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Chornobyl: An Unforgettable Disaster

Chornobyl: An Unforgettable Disaster

Today marks the 34th anniversary of the Chornobyl disaster. Recently, the town made news headlines again, due to vicious fires that tore through areas near the disaster zone. Luckily, seasonal rains have controlled the spread of the flames, preventing them from reaching nuclear waste storage, which could have led to a severe radioactive threat. 

Chornobyl gained status as a town during the late 1970s after the nuclear power plant was opened, which was built to supply power to 25% of Ukraine. The Chornobyl Lenin Nuclear Power Plant was considered an ambitious project of its time. The nearby city of Pripyat also grew exponentially to a population of 49 000 after the opening of the plant. Initially, only two reactors (units) existed, however, with a growing demand for power, another two reactors were constructed in the early 1980s, with plans for reactor 5 and reactor 6 in the books. At the time of the disaster in 1986, reactor 5 was almost complete. During the initial construction, an artificial lake was also created adjacent to the plant as a cooling solution for the waste heat discharge. However, it was decided that the lake did not provide sufficient cooling, so two gigantic cooling towers were also erected. 

Fun fact: what looked like poisonous gases flowing out of the massive towers – was actually vapour. 

Then came the explosion: an emergency that struck in the dead of night. Some historians even go as far as attributing this to the end of the Soviet Union. The first response to the disaster zone was a small team of firefighters. Unbeknownst to them, the radiation doses they were exposing themselves to were 400 times higher than those in the Hiroshima nuclear bombing; a force not to be reckoned with. Clinic 126, a hospital in Pripyat, was the first to receive patients affected by the radiation. However, the doctors and nurses had minimal to no experience in dealing with radiation poisoning. Their first move was to strip off the firemen’s uniforms and dispose of them in the basement. These uniforms still lie there today – an untouched and haunting reminder of the past. That basement is allegedly one of the most radioactive places in Chornobyl. In a desperate attempt to save lives, some of the firemen were medivaced to Moscow, while others who showed fewer symptoms remained in Kyiv. Many doctors, like Dr Kindzelski, went against regulations and put their lives on the line to save patients in need. Many of his patients went on to live long lives, and some are still alive today.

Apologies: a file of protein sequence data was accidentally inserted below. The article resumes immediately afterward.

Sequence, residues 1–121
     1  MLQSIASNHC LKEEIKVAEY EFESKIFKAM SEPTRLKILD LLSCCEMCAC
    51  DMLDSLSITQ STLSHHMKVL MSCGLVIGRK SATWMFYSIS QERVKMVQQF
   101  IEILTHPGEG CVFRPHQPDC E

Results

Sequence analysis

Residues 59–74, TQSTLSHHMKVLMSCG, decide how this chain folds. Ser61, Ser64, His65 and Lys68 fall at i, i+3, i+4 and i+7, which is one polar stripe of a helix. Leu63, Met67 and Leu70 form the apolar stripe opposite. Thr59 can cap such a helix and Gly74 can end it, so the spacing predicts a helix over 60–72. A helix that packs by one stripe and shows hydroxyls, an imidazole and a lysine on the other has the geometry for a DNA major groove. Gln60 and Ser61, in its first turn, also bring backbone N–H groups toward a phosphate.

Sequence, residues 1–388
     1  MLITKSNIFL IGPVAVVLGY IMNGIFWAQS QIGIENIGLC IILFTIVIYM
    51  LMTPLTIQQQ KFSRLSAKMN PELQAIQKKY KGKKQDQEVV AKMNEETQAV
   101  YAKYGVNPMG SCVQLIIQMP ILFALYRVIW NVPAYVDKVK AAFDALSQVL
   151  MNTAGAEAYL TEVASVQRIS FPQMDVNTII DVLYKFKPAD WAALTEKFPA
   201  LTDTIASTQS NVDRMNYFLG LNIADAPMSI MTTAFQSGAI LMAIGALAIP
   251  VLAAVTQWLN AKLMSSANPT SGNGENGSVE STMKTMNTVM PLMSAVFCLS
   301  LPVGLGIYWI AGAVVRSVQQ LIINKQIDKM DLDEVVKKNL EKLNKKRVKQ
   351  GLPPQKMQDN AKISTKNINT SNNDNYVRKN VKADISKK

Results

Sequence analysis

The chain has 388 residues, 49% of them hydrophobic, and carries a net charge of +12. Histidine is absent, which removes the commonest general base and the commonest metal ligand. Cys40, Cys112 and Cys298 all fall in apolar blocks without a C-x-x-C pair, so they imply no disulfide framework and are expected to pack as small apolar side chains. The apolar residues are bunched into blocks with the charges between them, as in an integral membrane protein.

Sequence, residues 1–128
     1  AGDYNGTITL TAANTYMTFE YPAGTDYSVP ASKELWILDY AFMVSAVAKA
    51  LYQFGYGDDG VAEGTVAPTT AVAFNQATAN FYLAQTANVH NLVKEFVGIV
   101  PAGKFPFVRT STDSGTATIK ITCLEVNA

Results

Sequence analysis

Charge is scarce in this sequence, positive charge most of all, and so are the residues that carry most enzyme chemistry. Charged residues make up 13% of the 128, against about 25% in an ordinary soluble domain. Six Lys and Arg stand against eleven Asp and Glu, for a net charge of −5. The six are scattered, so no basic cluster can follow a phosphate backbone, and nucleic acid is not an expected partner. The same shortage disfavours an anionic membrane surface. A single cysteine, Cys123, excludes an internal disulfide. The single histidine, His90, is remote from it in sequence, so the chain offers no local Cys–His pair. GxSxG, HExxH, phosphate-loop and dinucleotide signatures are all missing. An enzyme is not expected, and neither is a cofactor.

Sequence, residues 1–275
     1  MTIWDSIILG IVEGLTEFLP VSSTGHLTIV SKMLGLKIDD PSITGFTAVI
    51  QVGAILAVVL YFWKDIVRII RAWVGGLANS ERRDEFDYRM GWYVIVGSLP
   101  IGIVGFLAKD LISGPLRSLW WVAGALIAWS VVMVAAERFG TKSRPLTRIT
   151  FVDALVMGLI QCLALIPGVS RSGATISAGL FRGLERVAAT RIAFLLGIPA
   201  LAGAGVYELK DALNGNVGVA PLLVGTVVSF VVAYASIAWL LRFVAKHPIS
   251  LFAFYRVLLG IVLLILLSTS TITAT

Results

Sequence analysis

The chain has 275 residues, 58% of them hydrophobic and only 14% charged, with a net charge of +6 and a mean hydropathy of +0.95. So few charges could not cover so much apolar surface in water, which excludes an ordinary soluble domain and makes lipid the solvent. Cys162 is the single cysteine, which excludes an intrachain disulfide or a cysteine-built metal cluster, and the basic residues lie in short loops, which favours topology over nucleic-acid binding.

The memory of the disaster is very vivid in Slavutych; a town built to shelter the evacuated personnel of the disaster. Every year on 26 April, the city gathers, and a fire truck sounds its sirens at exactly 01:23:40 (1:23am, 40 seconds) – when the explosion occurred – in memory of the heroes who saved the world and those who lost their lives. The years pass by, but the memory of that fateful night that changed Ukraine forever will never fade. 

The fires at Chornobyl started 3 April, taking dozens of hectares of forest in its path. No longer a “serious” threat, three hotbeds remain smouldering with thousands of firefighters on the scene. “There is no threat to critical facilities within the exclusion zone,” said Ukrianian Prime Minister Denys Shmyhal, and radiation levels seem to be within the norm for the area. This has not been the case for air quality, however, which has been at an all-time high as Kyiv is awarded “most polluted city” behind municipalities in India and China.


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